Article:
At $11 per hour for a table, it's not cheap. But if you seek pure roll, it is hard to find a place as perfect as Jillian's. "We keep our prices high because we don't want the riffraff," says general manager Jason Klein. There are 26 professional-size, nine-foot tables. Each month two tables are stripped and re-covered with a new surface of fine, 21-ounce felt. Likewise the house sticks are regularly retipped and replaced at the first sign of warping. And there's a 35-foot-long, full-service bar where domestic draft beers go for three dollars. Yes it's a chain (there are 33 Jillian's in fifteen states), but Miami's place started up eleven years ago, just after the first location in Boston. Jillian's is open seven days a week, Sunday through Thursday until 2:00 a.m. and Friday and Saturday until 4:00 a.m. There is an $11 flat rate from noon until 5:00 p.m. After 5:00 the cost is $11 per hour. Friday and Saturday nights, beginning at 6:00, the hourly rate is $13 for a table.
This mangrove-lined inlet provides ample space for personal watercraft fans to get the rush associated with this noisome pastime. What's that you say? You don't have your own personal personal watercraft? Well isn't this convenient? Tony's Jet Ski Rentals is located just west of the marine stadium. For $45 you can splash around for a half-hour ($70 per hour). For the same price, you and your honey can mount a tandem unit. If you can afford to pony up a few more bucks, you and two honeys can ride a three-seater. To reach the marine stadium, take the Rickenbacker Causeway toward Key Biscayne and look to your left. If you're in the market to rent, follow the signs to Tony's.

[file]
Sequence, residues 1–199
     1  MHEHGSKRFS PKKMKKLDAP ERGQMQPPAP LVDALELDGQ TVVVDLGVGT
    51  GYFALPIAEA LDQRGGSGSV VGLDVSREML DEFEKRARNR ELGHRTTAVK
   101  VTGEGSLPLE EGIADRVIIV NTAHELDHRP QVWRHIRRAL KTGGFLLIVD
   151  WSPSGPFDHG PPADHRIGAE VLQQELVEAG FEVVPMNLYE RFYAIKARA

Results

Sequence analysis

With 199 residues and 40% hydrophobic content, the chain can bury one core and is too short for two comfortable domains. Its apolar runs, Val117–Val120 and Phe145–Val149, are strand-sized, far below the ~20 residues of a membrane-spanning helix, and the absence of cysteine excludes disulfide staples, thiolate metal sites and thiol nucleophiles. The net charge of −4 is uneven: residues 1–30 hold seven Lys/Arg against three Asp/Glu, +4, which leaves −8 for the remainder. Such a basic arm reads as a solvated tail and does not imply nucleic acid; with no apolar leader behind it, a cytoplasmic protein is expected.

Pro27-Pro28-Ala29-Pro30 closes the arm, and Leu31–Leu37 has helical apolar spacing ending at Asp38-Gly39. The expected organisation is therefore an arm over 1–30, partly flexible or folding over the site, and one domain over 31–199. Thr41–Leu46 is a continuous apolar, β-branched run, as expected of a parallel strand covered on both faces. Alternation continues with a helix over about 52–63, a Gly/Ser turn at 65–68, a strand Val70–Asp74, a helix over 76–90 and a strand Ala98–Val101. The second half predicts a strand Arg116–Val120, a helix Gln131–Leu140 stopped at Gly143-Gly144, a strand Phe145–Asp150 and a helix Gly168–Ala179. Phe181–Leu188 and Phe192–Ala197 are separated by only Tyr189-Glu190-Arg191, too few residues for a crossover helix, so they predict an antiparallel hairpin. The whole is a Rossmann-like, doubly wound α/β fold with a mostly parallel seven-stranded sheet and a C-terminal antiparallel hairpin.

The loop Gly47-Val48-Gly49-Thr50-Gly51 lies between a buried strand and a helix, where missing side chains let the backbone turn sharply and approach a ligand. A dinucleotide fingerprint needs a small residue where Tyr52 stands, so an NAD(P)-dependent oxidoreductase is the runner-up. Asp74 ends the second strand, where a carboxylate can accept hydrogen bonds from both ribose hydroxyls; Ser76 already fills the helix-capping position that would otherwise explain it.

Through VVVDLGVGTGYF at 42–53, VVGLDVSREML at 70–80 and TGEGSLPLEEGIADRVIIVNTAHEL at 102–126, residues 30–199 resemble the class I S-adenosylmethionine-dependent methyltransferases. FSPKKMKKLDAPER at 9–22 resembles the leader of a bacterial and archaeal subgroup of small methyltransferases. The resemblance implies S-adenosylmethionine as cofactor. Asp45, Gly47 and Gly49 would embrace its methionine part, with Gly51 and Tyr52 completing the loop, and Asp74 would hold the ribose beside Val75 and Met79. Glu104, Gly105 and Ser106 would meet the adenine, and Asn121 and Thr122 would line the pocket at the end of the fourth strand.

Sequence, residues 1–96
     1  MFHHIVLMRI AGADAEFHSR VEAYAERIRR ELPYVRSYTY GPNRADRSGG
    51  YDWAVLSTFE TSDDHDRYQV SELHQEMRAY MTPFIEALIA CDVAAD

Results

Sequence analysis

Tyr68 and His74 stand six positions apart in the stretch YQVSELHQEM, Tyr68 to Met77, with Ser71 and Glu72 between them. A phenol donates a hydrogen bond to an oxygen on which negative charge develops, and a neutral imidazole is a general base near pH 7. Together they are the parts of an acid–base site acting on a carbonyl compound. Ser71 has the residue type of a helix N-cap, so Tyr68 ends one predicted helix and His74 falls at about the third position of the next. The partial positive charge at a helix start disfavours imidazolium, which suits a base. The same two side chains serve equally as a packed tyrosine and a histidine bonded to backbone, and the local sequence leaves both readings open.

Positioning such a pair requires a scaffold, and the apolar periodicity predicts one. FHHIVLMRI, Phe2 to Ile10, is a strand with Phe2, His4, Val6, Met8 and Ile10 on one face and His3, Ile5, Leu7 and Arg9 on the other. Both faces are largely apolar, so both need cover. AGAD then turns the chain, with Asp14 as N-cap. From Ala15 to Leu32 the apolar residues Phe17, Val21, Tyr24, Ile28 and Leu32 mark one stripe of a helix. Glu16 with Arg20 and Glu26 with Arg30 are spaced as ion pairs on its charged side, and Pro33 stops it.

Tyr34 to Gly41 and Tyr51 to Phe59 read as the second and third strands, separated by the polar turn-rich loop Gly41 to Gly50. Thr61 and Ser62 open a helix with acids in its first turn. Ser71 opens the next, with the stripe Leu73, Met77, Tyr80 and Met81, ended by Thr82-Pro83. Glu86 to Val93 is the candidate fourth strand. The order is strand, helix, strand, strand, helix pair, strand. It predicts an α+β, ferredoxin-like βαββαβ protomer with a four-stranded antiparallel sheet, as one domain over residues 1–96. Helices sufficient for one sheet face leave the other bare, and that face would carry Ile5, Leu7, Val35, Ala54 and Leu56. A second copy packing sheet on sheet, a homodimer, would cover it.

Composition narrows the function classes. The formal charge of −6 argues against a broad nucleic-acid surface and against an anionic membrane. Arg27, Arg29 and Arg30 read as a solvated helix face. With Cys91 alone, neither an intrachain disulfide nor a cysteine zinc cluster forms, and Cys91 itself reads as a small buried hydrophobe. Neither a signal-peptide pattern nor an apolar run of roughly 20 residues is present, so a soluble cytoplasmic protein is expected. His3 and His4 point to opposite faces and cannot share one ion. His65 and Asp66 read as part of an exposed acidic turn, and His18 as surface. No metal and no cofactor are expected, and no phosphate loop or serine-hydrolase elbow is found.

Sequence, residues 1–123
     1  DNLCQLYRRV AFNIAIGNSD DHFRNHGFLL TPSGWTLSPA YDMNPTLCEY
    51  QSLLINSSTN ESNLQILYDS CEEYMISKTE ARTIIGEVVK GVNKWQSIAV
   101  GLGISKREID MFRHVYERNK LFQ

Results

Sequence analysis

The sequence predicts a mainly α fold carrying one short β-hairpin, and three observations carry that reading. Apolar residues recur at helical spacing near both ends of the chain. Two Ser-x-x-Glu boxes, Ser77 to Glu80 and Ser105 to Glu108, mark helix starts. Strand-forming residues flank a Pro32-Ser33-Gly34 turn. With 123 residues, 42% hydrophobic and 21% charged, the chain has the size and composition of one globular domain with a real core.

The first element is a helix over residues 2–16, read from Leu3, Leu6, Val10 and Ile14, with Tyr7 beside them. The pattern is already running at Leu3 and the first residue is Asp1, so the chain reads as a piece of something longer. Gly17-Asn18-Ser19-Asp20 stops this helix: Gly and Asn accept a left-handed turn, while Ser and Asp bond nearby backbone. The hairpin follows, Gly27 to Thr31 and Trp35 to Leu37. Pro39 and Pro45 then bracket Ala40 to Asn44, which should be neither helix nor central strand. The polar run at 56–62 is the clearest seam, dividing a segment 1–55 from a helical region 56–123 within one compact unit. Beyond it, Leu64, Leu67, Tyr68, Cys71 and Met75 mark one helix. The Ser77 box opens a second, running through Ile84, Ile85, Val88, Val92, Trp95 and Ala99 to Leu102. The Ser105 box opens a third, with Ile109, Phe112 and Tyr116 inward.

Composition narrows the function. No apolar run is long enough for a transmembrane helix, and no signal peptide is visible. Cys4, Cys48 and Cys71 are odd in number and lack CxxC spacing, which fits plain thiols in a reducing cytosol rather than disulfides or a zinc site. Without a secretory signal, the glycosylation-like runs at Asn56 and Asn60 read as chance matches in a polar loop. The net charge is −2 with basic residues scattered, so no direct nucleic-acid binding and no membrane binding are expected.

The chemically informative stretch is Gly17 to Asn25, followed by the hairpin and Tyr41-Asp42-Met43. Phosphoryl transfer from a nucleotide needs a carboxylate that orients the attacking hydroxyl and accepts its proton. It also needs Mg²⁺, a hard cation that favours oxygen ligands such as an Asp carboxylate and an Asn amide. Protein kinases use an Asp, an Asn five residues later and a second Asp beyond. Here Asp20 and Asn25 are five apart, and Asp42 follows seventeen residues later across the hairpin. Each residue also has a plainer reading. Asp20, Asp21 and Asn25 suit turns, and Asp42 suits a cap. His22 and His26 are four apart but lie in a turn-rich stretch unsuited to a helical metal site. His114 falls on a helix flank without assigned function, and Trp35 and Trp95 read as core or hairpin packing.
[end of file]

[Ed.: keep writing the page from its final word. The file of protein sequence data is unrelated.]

Ten Har-Tru courts immaculately maintained in compliance with Coral Gables zoning laws. A view of the Al Capone suite overhead. In the background a stand of pine trees and the expansive green lawn of a championship golf course. The Biltmore Tennis Center is a true racket paradise. Hacks and professionals comfortably coexist on crack-free courts, lobbing tennis balls over nets that never sag. Lights illuminate night play. Racket rental is available, as are private lessons. The center, which caters to hotel guests, is open to the public and is rarely overcrowded, even during the tennis prime time of Sunday morning. If you live in Coral Gables, the cost is a mere two dollars per hour. Those of us who can't afford a million-dollar home in the City Beautiful pay four dollars per hour, still acceptable for such fine facilities. Hours are 8:00 a.m. to 10:00 p.m. weekdays, 8:00 a.m. to 8:00 p.m. weekends.
For the novice runner, a lap around the cool, milelong, tropical hardwood hammock trail sure beats going the distance on the beach. The sun won't pound on your neck while you search for the ever-elusive stretch of firm sand. And you won't have to avoid sunbathers or jellyfish. For the marathoner it's a place to loosen up and take in the surroundings before heading out for the nearby causeway. And while burning off your breakfast, you might see a soft-shell turtle plop into Arch Creek or spot songbirds in the shrubs near the bank. Or maybe you'll catch a heron pacing through the mangroves or an anhinga perched on a branch. Just make sure that while you're negotiating the sabal palms, firebush, and milkweeds, you don't trip and fall. That could hurt.
This is for people who must rent kayaks. We're not here to recommend the best kayaking trail, although there is excellent kayaking here. It is the combination of location and Florida Bay Outfitters that makes this place the best. No rental facility anywhere in South Florida can match this outfit. You name the type of kayak, and they have it available for sale and rent, from fiberglass to plastic to sit-on-top to rudder or rudderless. This provides a great way to learn more about these watercraft. In addition FBO offers lessons at all levels and expeditions, ranging from the beginner's day trip to weeklong treks through Everglades National Park. Plus the bayside setting is gorgeous enough to entice you to linger once you've come ashore. Oh yeah, they canoe, too.